Specific to our assemblies, vertical positional tolerance caused a number of headaches. With most bearings acting in pairs, if one was even 5mm higher than its partner, it would experience higher deflection by trying to take more than its share of the load.

As such all locations had a healthy allowance for localized packing below the assemblies – to ensure both partners were perfectly leveled.

We also found that rotation caused some issues, this was due to tolerance stack-up. For example in some locations both concrete and steel were slightly off perfect 90° angles, but still well within the project tolerances.

However when combined this meant our connection was facing options beyond expectation (for example 3° + 4° gives an actual 7° misalignment between our top and bottom assembly plates, which had the potential to create pinch points in our design. These issues were resolved through the use of location-specific angled packs, to give our assemblies parallel top and base plates.

None bearing specific, the Plane 04 face of the theatre faced significant challenges during construction, due to a lack of crane access beyond the overhang formed by the steel frame above.

In the end, a custom-built frame was produced to allow the concrete panels to be maneuvered into place on the theatre while hanging from a crane above, a significant site challenge overcome by brilliant work from William Hare.

Do you have any thermal information available on the Falcon units, ie psi-values, or a calculated thermal conductivity equivalence that can be used in a 3D thermal model?

Yes, we have been given detailed drawings specifying dimensions and thermal conductivity, this is crucial for bespoke analysis. When we build the thermal models, using the given information, we can deduce a psi value using standardized assumptions taken from the international standard 10211.

The psi value is between 0.3-0.6 W/mK depending on prescribed conditions and thermophysical properties (which dictate the U-value [W/m2K]). We are running various scenarios, using 3D FEA, to inform the development of the product.

Are there any specific solutions for steel to rubble stone, ends in walls and horizontal wall connections?

It’s most likely there could be a solution, however, we have yet to see never Steel-to-Stone (Rubble). Steel-to-Concrete is common and we are now seeing more Concrete-to-Concrete such as in our Falcon solution. If you have a specific project in mind get in touch with the team at Farrat and we’d be interested to hear more about it.

Challenge our engineers

Challenge our engineers to ensure the efficiency and safety of your projects. Email us or call +44 161 924 1600 to talk to the team.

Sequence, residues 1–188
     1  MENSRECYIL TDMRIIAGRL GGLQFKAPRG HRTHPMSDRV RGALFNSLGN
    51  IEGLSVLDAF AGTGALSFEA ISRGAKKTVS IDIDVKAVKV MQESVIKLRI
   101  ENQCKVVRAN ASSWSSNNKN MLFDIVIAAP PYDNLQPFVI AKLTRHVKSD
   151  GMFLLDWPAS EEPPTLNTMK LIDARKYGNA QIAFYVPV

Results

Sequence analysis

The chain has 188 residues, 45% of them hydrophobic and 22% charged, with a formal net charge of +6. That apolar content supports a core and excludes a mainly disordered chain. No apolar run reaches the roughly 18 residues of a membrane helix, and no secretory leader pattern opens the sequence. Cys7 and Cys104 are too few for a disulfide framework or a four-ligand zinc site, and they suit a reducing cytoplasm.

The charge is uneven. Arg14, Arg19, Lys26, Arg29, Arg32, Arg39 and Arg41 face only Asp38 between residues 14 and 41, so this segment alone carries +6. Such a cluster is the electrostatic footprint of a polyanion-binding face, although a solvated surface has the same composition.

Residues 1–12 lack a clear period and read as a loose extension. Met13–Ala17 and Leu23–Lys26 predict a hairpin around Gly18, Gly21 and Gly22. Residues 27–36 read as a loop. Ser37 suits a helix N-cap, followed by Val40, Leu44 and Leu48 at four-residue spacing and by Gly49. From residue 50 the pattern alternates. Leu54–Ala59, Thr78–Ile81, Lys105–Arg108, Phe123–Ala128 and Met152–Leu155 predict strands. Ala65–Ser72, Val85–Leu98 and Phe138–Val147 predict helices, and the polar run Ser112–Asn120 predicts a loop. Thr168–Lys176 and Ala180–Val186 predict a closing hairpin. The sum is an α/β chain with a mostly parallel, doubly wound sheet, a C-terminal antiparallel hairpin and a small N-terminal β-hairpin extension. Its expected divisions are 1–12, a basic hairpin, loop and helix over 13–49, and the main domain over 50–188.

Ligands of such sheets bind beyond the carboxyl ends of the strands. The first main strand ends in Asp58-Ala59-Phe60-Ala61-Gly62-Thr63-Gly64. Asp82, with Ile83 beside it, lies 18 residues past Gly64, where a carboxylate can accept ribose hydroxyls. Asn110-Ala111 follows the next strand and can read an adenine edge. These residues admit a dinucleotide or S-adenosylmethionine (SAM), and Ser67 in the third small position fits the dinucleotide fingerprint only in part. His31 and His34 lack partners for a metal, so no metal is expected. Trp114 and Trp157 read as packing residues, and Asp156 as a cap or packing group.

More about Acoustic Isolation in Concert Halls and Theatres.

More about Building Vibration Isolation.

More about Structural Thermal Breaks.

Addressing climate injustice with smarter building design

Climate change continues to be one of the most pressing issues of our day and all industries are going to need to make significant changes to challenge the irreparable damage to our world that could continue to be caused.

However, there is a strong argument that it is those in more developed countries should be working hardest in order to dramatically reduce the impact they are currently having and look to undo as much of the damage already done.

As a result, a historic deal has been struck at the COP27 summit that will see ‘richer nations’ pay ‘poorer countries’ for the damage and economic losses caused by climate change.

Climate injustice around the world

Nearly three-quarters of all excess emissions come from the US and the EU alone. The US is responsible for 40% of all excess emissions with the EU slightly behind on 29%. Latin America, Africa, the Middle East, and Asia combined are only responsible for 8% of excess emissions, and yet these are often the geographic regions that are feeling the repercussions of climate change the most. (Source: The Structural Engineer August 2022)

The most recent example of this is the deadly floods in Pakistan. Pakistan is reported to have received more than 3 times its usual rainfall in August, making it the wettest August since 1961. These floods have destroyed 1.7 million homes, and nearly 1500 people lost their lives. Whilst the region has been subject to monsoons before, studies have shown that climate change could have increased the most intense rainfall over a short period in the worst-affected areas by about 50%.

This region being so significantly negatively impacted by the effects of climate change despite contributing so comparatively little is the very definition of climate injustice.